National Trust properties could open again soon under Scottish Government plans to ease lockdown restrictions.
The grounds of castles and other historic properties owned by the charity were closed down earlier this year due to the coronavirus pandemic.
But the trust has now revealed that gardens and free-to-enter and unstaffed countryside properties could open again soon.
However, the charity revealed that the sites could only be accessed at this stage by local visitors with restrictions still in place.
The move could see popular sites like Fyvie Castle reopening to local visitors.
Labour MSP Lewis Macdonald had written to the National Trust Scotland calling for the charity to reopen all its north-east properties to the public as soon as possible.
And he urged the charity to abandon plans to make over 400 staff in Scotland redundant.
Writing to chief executive Simon Skinner, Lewis Macdonald warned bosses against embarking on “a downward spiral of reduced public access, falling income and lost jobs.”
He asked for staff to be consulted on how to keep the doors open, to talk to government agencies about opportunities for growth, and to give trust members the final say by calling an extraordinary general meeting after the lockdown was lifted.
Mr Macdonald said: “There is really no excuse for mass redundancies at the National Trust this summer, given that the Job Retention Scheme now extends into October. I am calling for the extended furlough period to be used to protect jobs and plan for future growth.
“Keeping places like Castle Fraser, Haddo House and Fyvie Castle closed longer than the lockdown requires will cut the income of the trust, jobs will be lost and local economies in rural areas of the north-east will suffer. The doors must not close on properties like Leith Hall, where local communities have worked so hard to give these places a future.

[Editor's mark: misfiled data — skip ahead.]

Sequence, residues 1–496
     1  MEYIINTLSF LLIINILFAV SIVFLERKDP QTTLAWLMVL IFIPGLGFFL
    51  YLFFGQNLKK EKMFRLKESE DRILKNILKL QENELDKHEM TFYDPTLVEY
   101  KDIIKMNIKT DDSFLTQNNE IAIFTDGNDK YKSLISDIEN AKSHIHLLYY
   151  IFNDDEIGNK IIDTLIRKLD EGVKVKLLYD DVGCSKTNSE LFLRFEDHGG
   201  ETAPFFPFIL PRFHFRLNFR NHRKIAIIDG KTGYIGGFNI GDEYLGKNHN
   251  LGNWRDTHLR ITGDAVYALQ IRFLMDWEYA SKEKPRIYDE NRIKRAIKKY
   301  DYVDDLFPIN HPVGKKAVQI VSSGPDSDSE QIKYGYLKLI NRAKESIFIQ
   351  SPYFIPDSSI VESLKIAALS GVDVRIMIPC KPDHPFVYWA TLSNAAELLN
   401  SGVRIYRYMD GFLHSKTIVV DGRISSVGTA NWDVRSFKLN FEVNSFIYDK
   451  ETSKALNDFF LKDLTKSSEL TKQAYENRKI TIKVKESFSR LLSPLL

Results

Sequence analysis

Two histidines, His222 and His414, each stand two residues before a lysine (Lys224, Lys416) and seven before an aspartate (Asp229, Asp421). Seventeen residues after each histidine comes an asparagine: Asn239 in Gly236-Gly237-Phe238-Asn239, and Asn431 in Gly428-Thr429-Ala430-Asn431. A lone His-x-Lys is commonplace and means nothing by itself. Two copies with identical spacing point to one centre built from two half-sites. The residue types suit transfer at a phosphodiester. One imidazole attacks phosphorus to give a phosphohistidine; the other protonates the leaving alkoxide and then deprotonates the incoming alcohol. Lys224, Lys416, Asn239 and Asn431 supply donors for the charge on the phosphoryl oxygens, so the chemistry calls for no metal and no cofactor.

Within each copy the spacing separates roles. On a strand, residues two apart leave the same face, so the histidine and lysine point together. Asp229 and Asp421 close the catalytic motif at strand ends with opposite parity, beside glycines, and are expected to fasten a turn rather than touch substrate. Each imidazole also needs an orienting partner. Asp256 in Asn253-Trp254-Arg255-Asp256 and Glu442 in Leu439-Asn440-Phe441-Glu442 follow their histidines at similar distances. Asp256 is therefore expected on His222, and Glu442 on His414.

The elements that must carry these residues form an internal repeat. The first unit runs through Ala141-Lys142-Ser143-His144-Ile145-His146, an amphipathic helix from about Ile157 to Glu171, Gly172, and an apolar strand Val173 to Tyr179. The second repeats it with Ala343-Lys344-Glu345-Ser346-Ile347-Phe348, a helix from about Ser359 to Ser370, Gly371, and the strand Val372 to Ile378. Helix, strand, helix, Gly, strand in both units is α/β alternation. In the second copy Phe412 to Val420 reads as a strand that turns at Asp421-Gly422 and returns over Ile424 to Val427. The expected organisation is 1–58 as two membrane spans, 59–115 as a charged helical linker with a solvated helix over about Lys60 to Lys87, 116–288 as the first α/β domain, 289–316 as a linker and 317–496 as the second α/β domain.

“It would seem far more sensible to plan for the new opportunities that will come after this crisis, and senior management at the National Trust need to consult their staff and their members rather than embark on a downward spiral of cuts and closures”.
The National Trust launched a formal consultation with staff and its trade union, in order to make a decision on which of their built heritage properties can be first to reopen.
A spokesman for the National Trust for Scotland said: “We are well aware of, and always grateful for, the support of communities in the north-east, as well as the loyalty and expertise of our staff there – but, much as we would like to accede to Mr MacDonald’s wishes, there are significant challenges both now and in the economic aftermath of the public health crisis.
“Our future depends on the support we can obtain from generous donors and members.
“We are reducing our costs so far as we can to weather the loss of virtually all of our income and the expectation of reduced income for the next year to 18 months.”
The National Trust said staff may face challenges, due to the fact that the charity does not qualify for various business and charity support schemes.
The spokesman added: “Having already missed our busiest time of year, which is why we are putting so many seasonal staff at risk of redundancy, and having to put in place safe arrangements and infrastructure to accommodate ongoing restrictions, it won’t be viable or practical for us to open more than half of our key built heritage properties this year.
“While the furlough scheme and its extension is very welcome, unfortunately it comes nowhere near covering our losses to the extent that we can remain a going concern.
“Further, we do not qualify for the various government business and charity support schemes that are now in place.
“We are grateful for the establishment of the Scottish Government’s task group and we have begun working with it to determine potential options that may assist us in our efforts to overcome the crisis we are in through no fault of our own.”